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Author(s): John Holdsworth
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JOHN HOLDSWORTH was Principal of St Michael's College, Cardiff, before becoming Archdeacon of St David's.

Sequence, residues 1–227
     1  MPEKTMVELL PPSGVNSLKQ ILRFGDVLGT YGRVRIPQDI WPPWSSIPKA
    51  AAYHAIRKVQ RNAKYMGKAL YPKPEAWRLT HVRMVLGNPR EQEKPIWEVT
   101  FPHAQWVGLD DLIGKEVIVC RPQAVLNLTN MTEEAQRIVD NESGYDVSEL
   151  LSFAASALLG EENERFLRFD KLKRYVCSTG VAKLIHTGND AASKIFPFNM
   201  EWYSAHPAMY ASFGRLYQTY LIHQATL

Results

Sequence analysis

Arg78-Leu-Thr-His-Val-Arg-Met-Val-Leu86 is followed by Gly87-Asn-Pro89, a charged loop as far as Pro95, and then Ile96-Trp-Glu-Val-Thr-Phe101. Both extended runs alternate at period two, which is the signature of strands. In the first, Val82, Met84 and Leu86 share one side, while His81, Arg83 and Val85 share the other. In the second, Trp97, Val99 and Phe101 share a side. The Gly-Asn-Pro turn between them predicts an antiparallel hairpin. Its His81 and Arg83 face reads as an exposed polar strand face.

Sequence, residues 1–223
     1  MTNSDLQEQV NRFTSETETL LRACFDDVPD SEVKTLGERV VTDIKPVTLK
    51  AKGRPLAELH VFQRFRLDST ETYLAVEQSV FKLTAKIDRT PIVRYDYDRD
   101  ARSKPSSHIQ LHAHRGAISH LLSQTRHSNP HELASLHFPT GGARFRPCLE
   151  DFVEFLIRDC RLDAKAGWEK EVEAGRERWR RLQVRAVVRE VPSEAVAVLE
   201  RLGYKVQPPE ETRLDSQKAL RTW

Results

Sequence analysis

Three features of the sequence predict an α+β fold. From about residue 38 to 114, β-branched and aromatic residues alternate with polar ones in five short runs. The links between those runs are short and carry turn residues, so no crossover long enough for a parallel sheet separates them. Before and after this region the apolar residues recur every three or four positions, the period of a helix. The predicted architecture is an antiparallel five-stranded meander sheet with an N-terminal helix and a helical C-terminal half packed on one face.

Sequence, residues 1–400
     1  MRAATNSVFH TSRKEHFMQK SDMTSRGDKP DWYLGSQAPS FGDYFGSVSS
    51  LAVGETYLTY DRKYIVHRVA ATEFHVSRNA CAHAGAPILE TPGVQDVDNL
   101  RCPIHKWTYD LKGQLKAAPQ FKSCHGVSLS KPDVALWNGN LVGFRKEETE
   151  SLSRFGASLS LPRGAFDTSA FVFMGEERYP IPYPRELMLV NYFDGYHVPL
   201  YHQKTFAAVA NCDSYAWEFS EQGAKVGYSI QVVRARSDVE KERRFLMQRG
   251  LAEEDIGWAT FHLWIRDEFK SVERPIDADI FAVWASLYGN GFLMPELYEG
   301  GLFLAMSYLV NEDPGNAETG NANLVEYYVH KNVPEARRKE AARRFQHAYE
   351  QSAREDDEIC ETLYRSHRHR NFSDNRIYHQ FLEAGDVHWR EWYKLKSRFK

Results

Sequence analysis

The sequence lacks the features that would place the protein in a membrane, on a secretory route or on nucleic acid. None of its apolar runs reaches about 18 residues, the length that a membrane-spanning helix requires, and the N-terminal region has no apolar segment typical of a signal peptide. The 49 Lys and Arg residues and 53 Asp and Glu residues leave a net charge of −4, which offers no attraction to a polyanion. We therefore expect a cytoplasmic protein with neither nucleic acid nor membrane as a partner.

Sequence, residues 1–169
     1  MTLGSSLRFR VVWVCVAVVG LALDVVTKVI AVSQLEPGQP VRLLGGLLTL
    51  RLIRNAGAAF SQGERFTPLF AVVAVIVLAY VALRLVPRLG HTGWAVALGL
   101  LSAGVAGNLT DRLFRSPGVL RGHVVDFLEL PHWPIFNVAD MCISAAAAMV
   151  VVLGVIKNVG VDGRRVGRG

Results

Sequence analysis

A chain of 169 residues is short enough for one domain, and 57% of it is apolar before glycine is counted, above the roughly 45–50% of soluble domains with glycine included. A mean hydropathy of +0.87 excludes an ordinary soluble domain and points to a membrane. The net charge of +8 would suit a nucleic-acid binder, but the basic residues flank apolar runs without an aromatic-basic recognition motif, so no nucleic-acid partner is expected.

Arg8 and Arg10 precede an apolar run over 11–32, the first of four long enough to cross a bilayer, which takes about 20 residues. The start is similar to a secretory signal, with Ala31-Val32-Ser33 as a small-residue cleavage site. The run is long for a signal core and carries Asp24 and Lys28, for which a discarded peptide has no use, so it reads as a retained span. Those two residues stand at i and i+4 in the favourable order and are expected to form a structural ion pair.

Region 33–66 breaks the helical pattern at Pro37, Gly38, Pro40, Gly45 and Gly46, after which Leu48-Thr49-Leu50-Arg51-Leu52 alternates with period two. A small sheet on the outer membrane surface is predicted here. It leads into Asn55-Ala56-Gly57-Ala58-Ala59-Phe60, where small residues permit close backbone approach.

The Old Testament: Have We Lost the Plot? When I was a theology student, the only people who were interested in the Old Testament part of the course were the kind of people who wore their school uniforms on Saturdays. Many of us will remember those standard texts, usually translated from German by people it was hard to believe had English as a first language, where the footnotes took up more of the page than the text. But it wasn’t just the inaccessibility of these works that repelled generations of students, and particularly ordinands. It was the impression given by this whole enterprise, that nothing that was being discussed held the remotest interest for church or Christian life. Authors appeared to be more interested in recreating accurately an ancient past, than in applying the text to the life of faith in the present. I remember having a curate colleague once who had been with us for a couple of months, and in an attempt to encourage him I said that interesting though his New Testament based sermons had been, I was looking forward to hearing him on the Old Testament. “Oh you won’t hear me preach on the Old Testament,” he said cheerily, “It’s a closed book to me.” I suspect he spoke for many in his generation, and actually very few people seem to care. Confirmation classes, nurture courses, evangelisation efforts, rarely give the impression that the Old Testament is certainly something to get your teeth into. And this is unfortunate for a whole variety of reasons, not least because the Old Testament is actually most of the Bible; but if it were possible, even more importantly, there has been a revolution in Old Testament studies over the past quarter of a century or so, and this lack of interest has meant that very few people know about it. And even those who do know, have no obvious way of telling the rest. And that is the problem that the new Church Times study guide hopes to address. What it describes is how a whole new critical approach has led to new questions, new avenues of exploration and new possibilities for reading. Crucially also, this new approach has coincided with a movement within theology itself away from dogmatics and systematics, and towards practical, applied and pastoral theology. Scholars are no longer reading the Old Testament in order to find evidence in favour of timeless truths and to support established doctrines. They are now demanding that the text be of some use as a reflective resource for a life of faith today. This process still seeks a popular British apologist. In the US, Walter Bruggemann has firmly established himself in that role, and most of his works are available here. As his books show, Brueggemann is not only an excellent scholar with an incredible output, but also he is deeply interested in popular culture – he’s a recognized film buff and keeps a regular cuttings file from mainline American newspapers. Above all they show him to be deeply pastorally committed, and willing, in imaginative ways, to deal with the text creatively in order to consider it as pastorally useful. The critical movement that has allowed him to do that, is the shift from historical to literary modes of criticism. Expressed like that, it sounds about as interesting as a wet Sunday in Aberystwyth, and indeed it is still possible to buy scholarly books that seek to describe the process in a style that makes Rowan Williams sound like Enid Blyton. But, as Mark Twain said of Wagner’s music, it’s better than it sounds. Essentially, until the start of the so-called Modern Era, about two hundred and fifty years ago, the Old Testament was interpreted largely in terms of typology and allegory. The stories it contained were taken to have hidden meanings, either in their detail, or in the way they foreshadowed later New Testament events. However, with the Age of Reason and the rise of science there was a real danger that Biblical study might miss out in the academy if it failed to demonstrate sufficient critical rigour in regard to its texts and doctrines. Alongside scientific proofs and methodical historical enquiry, allegories and fables seemed rather primitive and second rate. If Bible texts were to be studied in this new critical way, though, a choice had to be made. What was the appropriate set off critical tools to apply to Biblical texts? Were they those of history or those appropriate to the study of literature? Scholars chose the tools of the historian. And so, for over 200 years we have been trying to learn how isolated texts were built up into books, how texts were transmitted and what the books would have meant to the people who first heard or read them. Open a book on the prophets and a great chunk of the introduction would deal with which parts of the book came from the seventh century, and which oracles are imports from a different place and a different time. They would go on to conjecture how the oracles were collected and transmitted, and the whole thing would be described against the background of a history, which it was supposed, was incontrovertible. Essentially they were interested in what really happened and how much we can know of what happened. Certainly, the ordinary reader would be left in no doubt that to access this text she would need expert help, and that since none of these questions seemed particularly relevant to contemporary faith except in a most convoluted way, it was hardly worth the bother, particularly as most experts seemed more interested in talking to each other. For the past thirty years or so, scholars have taken the second route, and begun to look at the Old Testament using the critical tools employed by students of literature. This doesn’t mean that these are godless cynics who regard the whole of scripture as bogus. Students of literature talk about inspiration, for example, in a way that is quite refreshing for theologians to think about. Literary scholars talk about narrative, character development and plot. They talk about the text as something crafted and created, not just as a record of fact, but as something that will put forward a point of view, an argument, something that might persuade others. And so they see how the reader is drawn into the argument, how rhetoric is employed and what effect that is all meant to have. Most importantly, this method is not so interested in what really happened when the text was written, as it is in what really happens when you read it. This has coincided with a series of conclusions from those who have been working in the historical way, about just how reliable the texts are as records of what happened. There is widespread acceptance of the view that the exodus from Egypt and the conquest of Canaan, for example, did not in fact happen as they are recorded in books like Exodus and Joshua. This could be a real crisis for faith if we were to base that faith on the question of whether these things happened or not –the historical question. But when we ask different questions such as, why was this written, and in what circumstances did the author write? then new possibilities open up and new links with our own situation are made possible. We see the Biblical authors as people perhaps a little like Shakespeare, using historical sources to craft a work of great significance – indeed a significance of which he himself could hardly have been aware – but directed towards an audience in his own time, with a particular agenda. To judge Richard II or Anthony and Cleopatra on the basis of how close they were to historical fact, and to claim that any truth they contain for us is somehow tied up in the question of whether or not they were historically accurate, would be to misjudge them; to misread them, misunderstand them and miss the point. And that is precisely the danger the church is in today with regard to Bible texts more generally but especially those of the Old Testament. The reward for opening up the Old Testament is potentially huge. In my more hopeful moments I dream of a world in which people who go to worship are theologically literate, and interested in engaging with Biblical text in imaginative and creative ways. I imagine fondly how disputes within the church might be resourced by a Bible that really is seen as part of the solution and not part of the problem. I picture a time when people other than terrorists, fanatics and anoraks find real links between holy text, faith and action. And whilst no short study guide is going to achieve all that, it is at least, hopefully, a step in the right direction. John Holdsworth